Survey reveals confusion over vehicle safety features
A recent survey indicates that many drivers do not understand the purpose of the safety technology in their vehicles or how those features work.
To combat the injury and fatality crashes each year, new vehicle safety technologies are constantly being developed and made available to the public. These often begin as optional features, but eventually they typically become standard in all new automobiles on the roads in New Jersey and across the country.
New technology comes with a learning curve for many drivers, and to determine how well people understand their vehicles, the University of Iowa Public Policy Center conducted a National Survey of Consumer Driving Safety Technologies. This survey included both new systems and ones that have been implemented for years.
The study measured drivers’ understanding of nine popular vehicle safety technologies, including the following:
- Cruise control and adaptive cruise control
- Blind spot warning systems
- Lane departure warning systems
- Anti-lock braking systems
- Traction control
- Tire pressure monitoring system
Other systems included rear-view cameras and sensors to assist in backing up, as well as forward collision warning systems to prevent rear-end collisions.
Of the 2,000 participants in the survey, 40 percent – or about 800 drivers – were surprised by something their vehicles did while on the road, according to the survey results. Remarkably, only 32 percent of those drivers tried to figure out why it happened or what the technology was for. Most of those who did do some research turned to the Internet rather than their vehicle manuals.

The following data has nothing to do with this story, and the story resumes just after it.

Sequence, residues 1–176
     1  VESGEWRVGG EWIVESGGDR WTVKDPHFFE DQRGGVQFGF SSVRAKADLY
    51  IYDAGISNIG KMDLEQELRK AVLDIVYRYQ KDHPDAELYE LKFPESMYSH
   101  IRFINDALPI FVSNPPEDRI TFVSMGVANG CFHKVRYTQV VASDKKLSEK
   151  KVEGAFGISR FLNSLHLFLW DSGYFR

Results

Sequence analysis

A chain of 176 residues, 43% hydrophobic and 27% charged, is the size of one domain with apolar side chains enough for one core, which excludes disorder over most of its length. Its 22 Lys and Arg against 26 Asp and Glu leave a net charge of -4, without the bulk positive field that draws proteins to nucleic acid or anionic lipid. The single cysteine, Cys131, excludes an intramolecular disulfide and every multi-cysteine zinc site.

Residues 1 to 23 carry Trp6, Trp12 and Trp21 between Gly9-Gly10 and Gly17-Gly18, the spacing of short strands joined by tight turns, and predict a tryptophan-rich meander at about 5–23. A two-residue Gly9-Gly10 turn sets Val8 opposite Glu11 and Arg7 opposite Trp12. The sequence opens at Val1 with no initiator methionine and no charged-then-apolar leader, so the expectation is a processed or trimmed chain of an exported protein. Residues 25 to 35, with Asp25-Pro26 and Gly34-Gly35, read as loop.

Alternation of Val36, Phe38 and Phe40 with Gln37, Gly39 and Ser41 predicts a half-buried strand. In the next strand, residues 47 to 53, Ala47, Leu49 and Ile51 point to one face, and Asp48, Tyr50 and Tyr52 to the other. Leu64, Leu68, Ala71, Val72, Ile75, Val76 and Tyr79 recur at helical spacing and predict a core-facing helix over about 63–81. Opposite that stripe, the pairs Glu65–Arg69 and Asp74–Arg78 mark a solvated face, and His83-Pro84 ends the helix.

Adaptive cruise control, which adjusts vehicle speed to maintain a safe distance from cars in front, was the technology least understood, with 65 percent of those surveyed expressing confusion. However, some drivers also admitted they did not understand anti-lock braking systems, which prevent the tires from skidding and the wheels from locking, particularly in slick road conditions.
The level of consumer confusion prompted the National Safety Council to start a campaign to educate people about the application of vehicle technology to driver activities on the road.
New Jersey crashes
Many of these safety features have been available for a decade or more. However, the most recent annual New Jersey Department of Transportation crash records include 238,988 total accidents, with 51,586 involving injuries, and 501 resulting in fatalities. The number of motor vehicle crashes over the past ten years has fluctuated inconsistently, with 2011 having the most accidents during that period, and 2014 having the least, but not by a significant amount. Based on these statistics, it is understandable that researchers are questioning the effectiveness of onboard technology in vehicles.
In addition to property damage, victims of motor vehicle accidents may experience debilitating head and spinal injuries, as well as lacerations and broken bones. Many may be eligible for compensation to cover lost wages, medical bills and pain and suffering. A New Jersey personal injury lawyer is often able to provide legal advice and representation to ensure justice.